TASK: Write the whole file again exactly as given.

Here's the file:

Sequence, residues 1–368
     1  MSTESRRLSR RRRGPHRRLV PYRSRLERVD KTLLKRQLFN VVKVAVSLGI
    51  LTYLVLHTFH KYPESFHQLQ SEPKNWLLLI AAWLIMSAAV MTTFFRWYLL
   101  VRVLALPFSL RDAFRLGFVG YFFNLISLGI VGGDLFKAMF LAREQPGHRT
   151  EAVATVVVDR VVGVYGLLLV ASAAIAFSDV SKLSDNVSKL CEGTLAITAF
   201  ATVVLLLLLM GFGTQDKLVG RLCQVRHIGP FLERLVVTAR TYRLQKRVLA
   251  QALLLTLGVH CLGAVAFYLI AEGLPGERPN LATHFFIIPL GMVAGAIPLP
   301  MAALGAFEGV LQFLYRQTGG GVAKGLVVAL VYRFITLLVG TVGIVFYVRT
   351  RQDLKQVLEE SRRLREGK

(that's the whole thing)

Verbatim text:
Sequence, residues 1–368
     1  MSTESRRLSR RRRGPHRRLV PYRSRLERVD KTLLKRQLFN VVKVAVSLGI
    51  LTYLVLHTFH KYPESFHQLQ SEPKNWLLLI AAWLIMSAAV MTTFFRWYLL
   101  VRVLALPFSL RDAFRLGFVG YFFNLISLGI VGGDLFKAMF LAREQPGHRT
   151  EAVATVVVDR VVGVYGLLLV ASAAIAFSDV SKLSDNVSKL CEGTLAITAF
   201  ATVVLLLLLM GFGTQDKLVG RLCQVRHIGP FLERLVVTAR TYRLQKRVLA
   251  QALLLTLGVH CLGAVAFYLI AEGLPGERPN LATHFFIIPL GMVAGAIPLP
   301  MAALGAFEGV LQFLYRQTGG GVAKGLVVAL VYRFITLLVG TVGIVFYVRT
   351  RQDLKQVLEE SRRLREGK